Your classroom walls DO talk. What will they say about the learning experiences you want to have together?
For those familiar with The Third Teacher Book, you’ve probably been toying around with redesign concepts for your learning space. Maybe you’ve even taken to Twitter to follow #remakeclass.
— Kara Brem (@MrsBremTweets) November 14, 2015
The thing is, finding the motivation and means to redesign your classroom is daunting. That is unless, you’ve met Paula Guinto.
Meet Paula the designer:
Paula, like David Jakes, reminds us of the importance of putting the ‘I’ in our school team (the biggest ‘I’ of them all, that is):
If you could identify the single most important factor that is missing in schools, what would it be?
For me, it’s an easy call.
I think schools can be imaginative, and have that capacity in their DNA, but its buried and hidden under the things that schools have to deal with in their current educational climate. Has your school lost its imagination?
If you school has indeed lost its imagination, put a team of your faculty together and attend the very next Learning2 you can. At this year’s L2 in Europe, I had a ridiculous number of invigorating chats with Paula. Her extended session was meant to help educators remember that all teachers are teachers of design. Check out her full deck for her session “From Heart to #Hashtag” available in full here.
With a mere eight weeks to go in my school year, I wanted to experiment with my own classroom design, and see what I could do with a (very) modest effort. Knowing that most teachers will delay an attempt to remodel their environment due to lack of time, funds, or means, I wanted to see what I could do with a grand total of three hours, and the help from a few friends.
I present to you my remixed learning environment: #CLIMB:
For me, the metaphor is everything. In this final leg of the journey, I want my learners to see themselves as mountaineers, traversing even higher heights. Because I am moving schools at the end of this year, I’ve had a number of people ask me if I am ‘checking out yet.’ The short answer: no. The slightly longer answer: checking out is what you do with your groceries, not what you do with learning. In the spirit of feeling passionate about learning to the very last week, I wanted the thematic statement of the learning environment to be a revamping of the famous sentiment by world renowned climber, George Mallory:
If you cannot understand that there is something in man which responds to the challenge of this mountain and goes out to meet it, that the struggle is the struggle of life itself upward and forever upward, then you won’t see why we go. What we get from this adventure is just sheer joy. And joy is, after all, the end of life. We do not live to eat and make money. We eat and make money to be able to live. That is what life means and what life is for.”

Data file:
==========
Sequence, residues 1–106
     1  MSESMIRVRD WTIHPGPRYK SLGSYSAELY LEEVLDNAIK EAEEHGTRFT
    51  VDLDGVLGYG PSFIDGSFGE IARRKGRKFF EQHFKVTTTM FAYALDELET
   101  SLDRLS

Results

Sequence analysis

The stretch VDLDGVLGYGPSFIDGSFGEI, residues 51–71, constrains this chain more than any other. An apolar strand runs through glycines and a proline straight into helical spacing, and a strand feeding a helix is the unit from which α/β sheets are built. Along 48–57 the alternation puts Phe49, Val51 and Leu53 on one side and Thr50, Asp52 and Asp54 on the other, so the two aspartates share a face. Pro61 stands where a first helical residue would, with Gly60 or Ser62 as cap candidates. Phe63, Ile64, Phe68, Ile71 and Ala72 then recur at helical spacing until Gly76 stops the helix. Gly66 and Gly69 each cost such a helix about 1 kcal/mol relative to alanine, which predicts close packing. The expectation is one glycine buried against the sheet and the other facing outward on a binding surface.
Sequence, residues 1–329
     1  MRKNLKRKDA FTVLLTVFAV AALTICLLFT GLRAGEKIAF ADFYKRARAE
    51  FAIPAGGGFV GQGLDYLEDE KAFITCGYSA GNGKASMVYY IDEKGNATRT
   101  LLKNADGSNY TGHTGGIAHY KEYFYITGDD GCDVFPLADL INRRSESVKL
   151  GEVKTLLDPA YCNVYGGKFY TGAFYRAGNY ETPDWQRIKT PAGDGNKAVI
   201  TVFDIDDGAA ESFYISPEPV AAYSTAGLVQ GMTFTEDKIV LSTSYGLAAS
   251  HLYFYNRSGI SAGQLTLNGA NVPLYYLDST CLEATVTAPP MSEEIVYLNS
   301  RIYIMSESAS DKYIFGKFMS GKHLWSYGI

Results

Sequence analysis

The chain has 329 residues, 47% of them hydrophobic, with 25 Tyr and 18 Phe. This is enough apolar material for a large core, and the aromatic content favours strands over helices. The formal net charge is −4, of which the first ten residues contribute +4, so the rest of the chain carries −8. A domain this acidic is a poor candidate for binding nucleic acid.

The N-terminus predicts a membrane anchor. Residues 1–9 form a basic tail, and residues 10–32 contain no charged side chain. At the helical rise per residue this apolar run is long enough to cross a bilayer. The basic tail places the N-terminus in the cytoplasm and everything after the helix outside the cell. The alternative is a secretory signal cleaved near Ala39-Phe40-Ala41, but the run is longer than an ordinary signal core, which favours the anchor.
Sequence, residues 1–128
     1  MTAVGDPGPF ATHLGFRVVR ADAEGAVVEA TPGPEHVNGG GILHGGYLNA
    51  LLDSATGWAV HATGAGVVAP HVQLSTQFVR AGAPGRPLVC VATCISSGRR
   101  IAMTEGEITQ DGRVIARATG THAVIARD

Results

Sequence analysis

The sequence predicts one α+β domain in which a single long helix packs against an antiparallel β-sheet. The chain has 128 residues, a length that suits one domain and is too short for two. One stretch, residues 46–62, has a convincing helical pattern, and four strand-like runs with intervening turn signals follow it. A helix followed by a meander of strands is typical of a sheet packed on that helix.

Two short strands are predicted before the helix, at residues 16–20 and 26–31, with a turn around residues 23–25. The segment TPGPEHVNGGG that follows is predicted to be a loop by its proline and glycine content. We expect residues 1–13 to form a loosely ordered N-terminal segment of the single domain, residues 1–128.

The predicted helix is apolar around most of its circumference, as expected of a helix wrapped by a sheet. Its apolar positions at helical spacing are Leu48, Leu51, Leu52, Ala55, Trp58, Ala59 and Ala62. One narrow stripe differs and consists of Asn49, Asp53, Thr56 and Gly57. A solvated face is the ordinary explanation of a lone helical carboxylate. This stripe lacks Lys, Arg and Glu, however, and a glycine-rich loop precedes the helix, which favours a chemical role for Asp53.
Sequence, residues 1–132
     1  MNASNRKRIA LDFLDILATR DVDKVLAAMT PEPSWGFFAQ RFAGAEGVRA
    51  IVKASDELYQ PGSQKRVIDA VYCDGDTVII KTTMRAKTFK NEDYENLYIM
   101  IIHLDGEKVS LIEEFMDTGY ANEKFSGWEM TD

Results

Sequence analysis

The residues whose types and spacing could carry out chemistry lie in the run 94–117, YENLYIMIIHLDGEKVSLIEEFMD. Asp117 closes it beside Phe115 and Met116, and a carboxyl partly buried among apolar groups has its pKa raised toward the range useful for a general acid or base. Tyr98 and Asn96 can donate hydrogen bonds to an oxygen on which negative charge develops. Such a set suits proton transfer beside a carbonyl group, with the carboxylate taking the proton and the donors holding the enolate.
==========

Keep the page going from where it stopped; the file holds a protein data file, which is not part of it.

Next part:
― George Mallory,
that’s what the hashtag #CLIMB is all about. So, how did I go about unpacking it?
Talk to someone you trust with your ideas. If you don’t have someone, tweet to Paula, she’s so generous, I’ve seen her mentor so many people:
— Holly Fraser (@horofraser) May 2, 2016
Try the concept out with your students. I wanted to test the waters for #CLIMB with my class, and so using this article on the ten most relevant ‘future ready skills,’ I let my students show me what ‘learning as mountaineering.’ looked like to them:
— Tricia Friedman (@FriedEnglish101) April 25, 2016
The Noun Project. YEEEEEEEEES. A great go to in helping your students work with visual metaphors, and to help you ‘badgify’ learning. This is also a great resource to help model that Creative Commons mindset.
YOUR LIBRARY! I asked our lovely librarian Sue, if she could help me curate a nice collection on mountaineering, and not only did she say ‘yes,’ but she had the books to me less than an hour later. Libraries want to support the learning, so be sure to include them. Thanks, Sue!
Recycle, reuse, remix. Know the hobbies of your faculty, and you know where to go for great design leveling up gear. A massive thank you to both Brad and Andrew for lending me climbing rope, a helmet, and spare carabiners. I love that designing a space for community is the direct result OF my community. #CLIMB
Paula was right: you start from the heart
The lesson I learned in this quick classroom revamp is that classroom redesign is about loving what we do. I love being an educator. I want my students to know how I feel about our learning experiences in every way possible. The classroom can be a conductor of joy. When that’s your mission: to put a little more joy into your school community, people will help you. That’s why Paula, Sue, Brad, Andrew (and of course Jennifer who helped me find Brad and Andrew) supported me: appeal to an educator’s sense of joy, imagination, and passion, and people will lug in heavy climbing rope for you (even when they bike to work in the rain).
In honor of #TeacherAppreciationWeek, I’d like to wish Paula, Sue, Brad, Andrew and Jennifer a very, very happy week. I hope they feel appreciated, because they are. Team #CLIMB, this one’s for you:
FLICKR, where would bloggers be without your Creative Commons bounty?